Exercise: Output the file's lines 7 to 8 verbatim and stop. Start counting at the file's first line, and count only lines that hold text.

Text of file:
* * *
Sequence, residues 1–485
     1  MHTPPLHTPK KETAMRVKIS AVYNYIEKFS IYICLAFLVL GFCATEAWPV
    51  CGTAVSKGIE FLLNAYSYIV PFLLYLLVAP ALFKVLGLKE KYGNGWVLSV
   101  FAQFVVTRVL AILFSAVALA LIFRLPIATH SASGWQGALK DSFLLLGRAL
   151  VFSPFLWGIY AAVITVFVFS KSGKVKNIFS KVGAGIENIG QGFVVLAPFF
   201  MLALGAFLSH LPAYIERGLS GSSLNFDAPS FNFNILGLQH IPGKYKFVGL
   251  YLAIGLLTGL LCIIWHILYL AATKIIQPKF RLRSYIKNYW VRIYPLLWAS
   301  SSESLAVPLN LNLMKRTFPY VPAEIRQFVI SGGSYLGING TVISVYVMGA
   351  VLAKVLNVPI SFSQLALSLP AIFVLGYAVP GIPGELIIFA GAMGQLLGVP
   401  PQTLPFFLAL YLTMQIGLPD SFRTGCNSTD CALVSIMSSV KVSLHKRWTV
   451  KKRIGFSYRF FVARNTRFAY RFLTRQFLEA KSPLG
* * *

   251  YLAIGLLTGL LCIIWHILYL AATKIIQPKF RLRSYIKNYW VRIYPLLWAS
   301  SSESLAVPLN LNLMKRTFPY VPAEIRQFVI SGGSYLGING TVISVYVMGA